A “Second Wave”
Several carriers predict there will be another spike in the number of people infected with COVID-19, likely carrying over into 2021. MODA Health Plan of Oregon projects a 0.9 percent increase in costs as a result, asserting: “Because of the planning that has been done to provide adequate PPE [personal protective equipment] to the provider community, we do not expect the next wave to result in any suppression of non-COVID-19-related claims.”
Impact on population health
Several carriers predict a worsening of overall population health, due not only to the spread of COVID-19, but also the effect of delayed (but necessary) primary and preventive care and an increase in mental health troubles caused by COVID-19-related stress and economic hardship. “It is clear that population health will worsen as a result of the pandemic,” writes BCBSVT, “but the magnitude of the deterioration is difficult to predict.”
Several carriers predict they will lose enrollment in employer-sponsored health plans (particularly among small businesses), but some noted that those losses could be offset, at least partially, by gains in their individual market products. Further, some carriers, such as BCBSVT, noted that these new individual market enrollees would likely be healthier than their existing enrollees.
Contributions to Surplus/Capital Reserves
While several insurers did not include COVID-19-related costs in their filings, some of these are seeking to make significant contributions to their surplus in order to account for the “unknown effects of Covid-19 on customer and provider behaviors.” For example, Premera in Washington estimates it will need to devote 6-8 percent of premium to its surplus.
Effect of State Mandates, including Coverage of Testing, Telehealth, Mental Health, and other Services
Many states directed insurers to expand coverage of COVID-19 and other health care services, lower bureaucratic barriers to services, such as prior authorization requirements, and provide premium grace periods to policyholders. New York insurer Excellus tallied up the cost of the state’s COVID-19-related mandates, concluding that, combined, they accounted for 0.27 percent of the total premium.
Other Considerations: The Health of the Individual Market
Insurers were mixed about the impact of the repeal of the federal individual mandate penalty. Not surprisingly, carriers in D.C., which enacted its own individual mandate penalty, are unconcerned about any deterioration in the health status of the individual market. Indeed, CareFirst is actually predicting the overall health status of the market could improve in 2021.
The expectations of insurers in states without an individual mandate penalty were mixed. Several carriers, such as Providence Health Plan, MODA, and Premera do not expect any changes in the health status of the individual market risk pool. Molina, operating in Washington state, expects the health status of its enrollees to improve. Conversely, Centene, which markets plans in Washington through Coordinated Care Corporation, and Excellus, in New York, both predict the individual market will get sicker, due to the repeal of the individual mandate. For Excellus, this will add 1.5 percent to its 2021 premium.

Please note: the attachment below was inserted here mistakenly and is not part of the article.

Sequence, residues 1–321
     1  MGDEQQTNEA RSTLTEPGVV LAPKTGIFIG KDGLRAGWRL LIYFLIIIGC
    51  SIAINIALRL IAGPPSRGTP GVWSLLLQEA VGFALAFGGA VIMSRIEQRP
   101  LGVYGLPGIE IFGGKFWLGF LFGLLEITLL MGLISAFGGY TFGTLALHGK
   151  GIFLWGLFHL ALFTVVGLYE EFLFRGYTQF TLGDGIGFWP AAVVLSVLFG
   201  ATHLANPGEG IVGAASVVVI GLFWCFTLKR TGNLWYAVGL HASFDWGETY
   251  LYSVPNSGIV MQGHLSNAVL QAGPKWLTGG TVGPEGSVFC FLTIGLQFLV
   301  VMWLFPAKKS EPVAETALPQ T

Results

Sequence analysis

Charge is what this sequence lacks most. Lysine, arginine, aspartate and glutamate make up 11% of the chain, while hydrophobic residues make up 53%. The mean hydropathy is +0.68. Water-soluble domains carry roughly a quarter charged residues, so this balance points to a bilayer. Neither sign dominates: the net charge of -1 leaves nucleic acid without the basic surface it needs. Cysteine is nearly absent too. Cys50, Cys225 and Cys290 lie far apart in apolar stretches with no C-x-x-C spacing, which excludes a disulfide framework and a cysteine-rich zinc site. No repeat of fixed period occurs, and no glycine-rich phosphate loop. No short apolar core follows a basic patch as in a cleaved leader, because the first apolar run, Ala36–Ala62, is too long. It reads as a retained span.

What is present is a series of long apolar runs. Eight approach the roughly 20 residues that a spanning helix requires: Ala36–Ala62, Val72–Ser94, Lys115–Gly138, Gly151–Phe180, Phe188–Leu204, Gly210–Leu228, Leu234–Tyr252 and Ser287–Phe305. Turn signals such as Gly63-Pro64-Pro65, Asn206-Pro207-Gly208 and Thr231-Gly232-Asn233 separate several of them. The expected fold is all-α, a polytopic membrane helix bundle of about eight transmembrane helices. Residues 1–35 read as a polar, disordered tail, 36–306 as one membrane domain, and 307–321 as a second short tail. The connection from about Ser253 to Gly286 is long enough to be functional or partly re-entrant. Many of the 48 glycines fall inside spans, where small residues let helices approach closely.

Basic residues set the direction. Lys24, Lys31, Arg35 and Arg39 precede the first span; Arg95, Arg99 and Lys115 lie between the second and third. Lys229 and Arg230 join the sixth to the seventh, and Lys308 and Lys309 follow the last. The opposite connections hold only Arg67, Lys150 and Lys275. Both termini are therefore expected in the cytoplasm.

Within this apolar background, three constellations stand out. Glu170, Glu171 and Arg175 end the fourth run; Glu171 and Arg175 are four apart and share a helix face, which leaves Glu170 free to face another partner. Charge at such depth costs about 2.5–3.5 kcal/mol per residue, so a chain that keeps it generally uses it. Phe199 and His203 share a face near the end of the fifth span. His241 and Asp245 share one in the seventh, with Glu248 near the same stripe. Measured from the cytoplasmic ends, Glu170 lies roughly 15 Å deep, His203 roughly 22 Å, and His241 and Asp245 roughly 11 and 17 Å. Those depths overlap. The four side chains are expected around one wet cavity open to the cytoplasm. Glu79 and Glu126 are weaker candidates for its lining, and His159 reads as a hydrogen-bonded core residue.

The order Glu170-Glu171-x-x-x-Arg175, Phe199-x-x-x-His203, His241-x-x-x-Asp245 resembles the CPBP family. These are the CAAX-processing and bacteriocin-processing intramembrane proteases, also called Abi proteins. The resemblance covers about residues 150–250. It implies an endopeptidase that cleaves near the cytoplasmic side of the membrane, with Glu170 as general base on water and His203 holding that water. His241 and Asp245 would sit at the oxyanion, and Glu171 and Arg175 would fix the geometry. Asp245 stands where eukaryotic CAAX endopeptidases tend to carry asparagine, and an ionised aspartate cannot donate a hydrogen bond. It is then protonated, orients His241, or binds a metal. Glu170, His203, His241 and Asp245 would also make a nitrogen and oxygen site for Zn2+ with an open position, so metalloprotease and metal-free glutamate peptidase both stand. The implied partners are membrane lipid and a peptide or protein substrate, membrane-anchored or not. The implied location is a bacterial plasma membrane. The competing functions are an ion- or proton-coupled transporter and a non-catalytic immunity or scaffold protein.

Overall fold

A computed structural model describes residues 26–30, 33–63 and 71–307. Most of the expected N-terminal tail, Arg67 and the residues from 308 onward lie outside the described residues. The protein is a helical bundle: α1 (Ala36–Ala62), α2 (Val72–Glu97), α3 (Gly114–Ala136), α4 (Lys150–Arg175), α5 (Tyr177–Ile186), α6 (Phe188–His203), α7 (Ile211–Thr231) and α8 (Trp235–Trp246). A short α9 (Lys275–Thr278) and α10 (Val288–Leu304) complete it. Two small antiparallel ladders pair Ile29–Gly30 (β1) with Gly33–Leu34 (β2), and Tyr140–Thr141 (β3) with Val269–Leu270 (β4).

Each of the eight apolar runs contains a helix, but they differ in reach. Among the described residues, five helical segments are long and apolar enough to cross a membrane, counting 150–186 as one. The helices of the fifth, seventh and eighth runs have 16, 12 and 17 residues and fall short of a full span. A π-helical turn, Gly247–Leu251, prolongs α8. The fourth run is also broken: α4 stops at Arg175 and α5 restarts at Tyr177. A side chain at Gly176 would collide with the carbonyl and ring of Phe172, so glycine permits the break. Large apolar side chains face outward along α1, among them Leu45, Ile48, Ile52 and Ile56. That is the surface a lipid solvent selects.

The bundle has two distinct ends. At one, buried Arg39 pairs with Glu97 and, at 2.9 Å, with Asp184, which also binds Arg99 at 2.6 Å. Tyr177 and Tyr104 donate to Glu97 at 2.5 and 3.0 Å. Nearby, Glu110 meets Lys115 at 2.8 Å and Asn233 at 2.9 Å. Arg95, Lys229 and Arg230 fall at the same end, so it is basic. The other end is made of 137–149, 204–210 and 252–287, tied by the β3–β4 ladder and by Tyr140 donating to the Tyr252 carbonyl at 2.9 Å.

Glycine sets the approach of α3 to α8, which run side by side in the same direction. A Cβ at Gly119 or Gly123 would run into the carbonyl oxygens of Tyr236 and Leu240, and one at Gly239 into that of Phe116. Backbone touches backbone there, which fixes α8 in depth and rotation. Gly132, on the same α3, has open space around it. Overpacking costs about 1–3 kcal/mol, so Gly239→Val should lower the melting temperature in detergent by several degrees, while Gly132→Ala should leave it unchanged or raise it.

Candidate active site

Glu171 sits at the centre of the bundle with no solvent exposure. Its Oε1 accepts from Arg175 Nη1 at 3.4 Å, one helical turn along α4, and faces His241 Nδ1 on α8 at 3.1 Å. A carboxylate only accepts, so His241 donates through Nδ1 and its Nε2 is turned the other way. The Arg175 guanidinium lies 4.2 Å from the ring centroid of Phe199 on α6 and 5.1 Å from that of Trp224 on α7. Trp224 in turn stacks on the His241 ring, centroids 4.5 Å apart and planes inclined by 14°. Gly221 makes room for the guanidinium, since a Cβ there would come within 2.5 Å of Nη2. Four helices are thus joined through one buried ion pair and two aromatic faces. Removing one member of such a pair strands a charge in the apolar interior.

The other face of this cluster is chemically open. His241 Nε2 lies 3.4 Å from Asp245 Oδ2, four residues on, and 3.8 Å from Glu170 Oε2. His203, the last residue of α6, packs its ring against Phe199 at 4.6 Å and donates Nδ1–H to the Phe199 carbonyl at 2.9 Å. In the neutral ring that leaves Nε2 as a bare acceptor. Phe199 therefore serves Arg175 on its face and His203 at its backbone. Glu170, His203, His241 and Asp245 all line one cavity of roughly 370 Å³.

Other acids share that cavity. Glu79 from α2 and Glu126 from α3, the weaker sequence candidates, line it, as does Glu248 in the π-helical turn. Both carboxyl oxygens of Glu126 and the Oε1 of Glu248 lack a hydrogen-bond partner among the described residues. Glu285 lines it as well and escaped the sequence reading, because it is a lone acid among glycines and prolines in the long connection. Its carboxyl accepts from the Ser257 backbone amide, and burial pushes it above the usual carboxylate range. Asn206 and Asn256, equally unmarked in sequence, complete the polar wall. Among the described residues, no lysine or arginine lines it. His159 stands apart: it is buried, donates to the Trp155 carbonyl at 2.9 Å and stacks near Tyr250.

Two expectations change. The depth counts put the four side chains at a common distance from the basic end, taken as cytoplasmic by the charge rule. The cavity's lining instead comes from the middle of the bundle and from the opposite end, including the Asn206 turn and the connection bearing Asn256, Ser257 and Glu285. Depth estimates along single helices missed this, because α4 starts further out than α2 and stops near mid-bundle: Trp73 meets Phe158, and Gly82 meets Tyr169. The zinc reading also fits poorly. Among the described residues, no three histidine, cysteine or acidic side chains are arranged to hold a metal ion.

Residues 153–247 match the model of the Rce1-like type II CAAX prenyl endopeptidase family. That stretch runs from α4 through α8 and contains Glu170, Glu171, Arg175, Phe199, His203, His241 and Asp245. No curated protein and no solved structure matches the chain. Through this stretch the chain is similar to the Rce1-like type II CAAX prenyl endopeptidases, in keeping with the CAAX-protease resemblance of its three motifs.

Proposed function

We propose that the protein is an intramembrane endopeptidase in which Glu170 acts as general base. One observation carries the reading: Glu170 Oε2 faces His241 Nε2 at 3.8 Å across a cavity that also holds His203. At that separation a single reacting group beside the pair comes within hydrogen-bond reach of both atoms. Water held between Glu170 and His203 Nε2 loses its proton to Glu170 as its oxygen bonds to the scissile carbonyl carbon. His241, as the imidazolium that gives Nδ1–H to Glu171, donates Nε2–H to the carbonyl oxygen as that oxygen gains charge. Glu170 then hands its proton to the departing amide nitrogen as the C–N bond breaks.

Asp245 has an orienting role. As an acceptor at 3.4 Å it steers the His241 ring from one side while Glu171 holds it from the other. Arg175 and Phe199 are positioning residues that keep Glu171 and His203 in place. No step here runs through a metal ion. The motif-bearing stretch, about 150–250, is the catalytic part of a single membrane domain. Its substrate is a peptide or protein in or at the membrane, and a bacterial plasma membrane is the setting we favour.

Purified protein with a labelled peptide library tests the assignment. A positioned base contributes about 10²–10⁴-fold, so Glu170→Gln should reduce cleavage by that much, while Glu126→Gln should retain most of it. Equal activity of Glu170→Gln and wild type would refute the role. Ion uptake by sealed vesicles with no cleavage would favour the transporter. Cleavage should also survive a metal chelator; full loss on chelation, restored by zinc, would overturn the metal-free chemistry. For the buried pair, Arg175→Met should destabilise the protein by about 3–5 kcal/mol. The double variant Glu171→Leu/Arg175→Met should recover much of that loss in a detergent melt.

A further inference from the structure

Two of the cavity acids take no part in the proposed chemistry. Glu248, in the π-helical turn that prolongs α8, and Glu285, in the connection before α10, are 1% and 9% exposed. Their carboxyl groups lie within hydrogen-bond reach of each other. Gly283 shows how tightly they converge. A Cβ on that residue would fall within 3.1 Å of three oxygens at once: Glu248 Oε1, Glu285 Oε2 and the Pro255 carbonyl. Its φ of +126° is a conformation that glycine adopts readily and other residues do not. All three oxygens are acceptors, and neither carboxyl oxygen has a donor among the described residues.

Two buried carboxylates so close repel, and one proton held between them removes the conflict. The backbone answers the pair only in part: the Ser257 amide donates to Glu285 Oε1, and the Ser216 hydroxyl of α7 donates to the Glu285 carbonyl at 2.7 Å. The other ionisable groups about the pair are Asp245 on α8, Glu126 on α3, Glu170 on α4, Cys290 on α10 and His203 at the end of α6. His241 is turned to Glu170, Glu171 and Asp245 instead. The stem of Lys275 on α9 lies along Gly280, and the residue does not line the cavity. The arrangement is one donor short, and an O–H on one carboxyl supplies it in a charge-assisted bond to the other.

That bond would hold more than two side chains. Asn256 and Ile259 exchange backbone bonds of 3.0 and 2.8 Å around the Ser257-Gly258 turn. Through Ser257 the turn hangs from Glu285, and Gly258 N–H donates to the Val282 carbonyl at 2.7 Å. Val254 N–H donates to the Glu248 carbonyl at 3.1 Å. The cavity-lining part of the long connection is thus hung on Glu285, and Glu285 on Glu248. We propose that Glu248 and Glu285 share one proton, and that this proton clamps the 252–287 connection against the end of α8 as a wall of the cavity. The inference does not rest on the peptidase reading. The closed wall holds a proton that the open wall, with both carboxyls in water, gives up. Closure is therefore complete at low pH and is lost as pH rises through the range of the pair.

State-Level Policies: Oregon’s Reinsurance Program and Washington’s Public Option
After the ACA’s reinsurance program ended in 2016, Oregon adopted its own individual market reinsurance program. The program will run through 2022, and continues to exert downward pressure on premiums. In their 2021 rate filings, Oregon insurers project that the program will lower their claims expenses between 10 and 13 percent.
In its 2019 legislative session, Washington authorized new public option plans to expand affordable coverage options to people in the individual market. The law also required individual market insurers to offer plans with standardized benefit design that reduce consumers’ cost-sharing for certain high-value services, such as primary care visits. Insurers offering public option plans are also required to limit the amount they pay providers. Based on initial rate submissions, of 15 carriers planning to participate in the individual market in Washington, only five intend to offer public option plans. However, two of these five insurers – United HealthCare and Community Health Network of Washington, both new market entrants – are exclusively offering public option plans.
Notably, among the three insurers offering both public option plans and traditional marketplace plans, the public option tends to be more expensive. This could be because these plans appear to have more generous benefits (as measured by each plan’s “actuarial value”) than the traditional offerings.
Although projections vary considerably among insurers, most are not asking for large rate increases due to COVID-19. However, almost all seek permission to adjust their rates before they are final, as new data about the course of the pandemic and its costs emerge. Although regulators are likely to give insurers some additional leeway in submission deadlines and the ability to make rate adjustments, an extra few weeks or months will likely be insufficient for anyone to have a clear picture of the course of the pandemic or its longer-term consequences before rates are finalized this fall. As a result, insurers are likely to be conservative in their estimates of future costs, potentially driving rates up higher than in these preliminary filings. It will be important for regulators to demand transparency and a clear break-down of how much of insurers’ 2021 premiums will be due to COVID-19-related costs.
*My review of these rate filings was largely limited to the narrative “actuarial memos” that must accompany each rate filing. These memos explain, largely in lay language, insurers’ past experience, current assumptions, and predictions for the next plan year.
I’d like to thank Dave Dillon, FSA, MAAA, of Lewis & Ellis, and Emily Curran for their review and thoughtful comments on this post.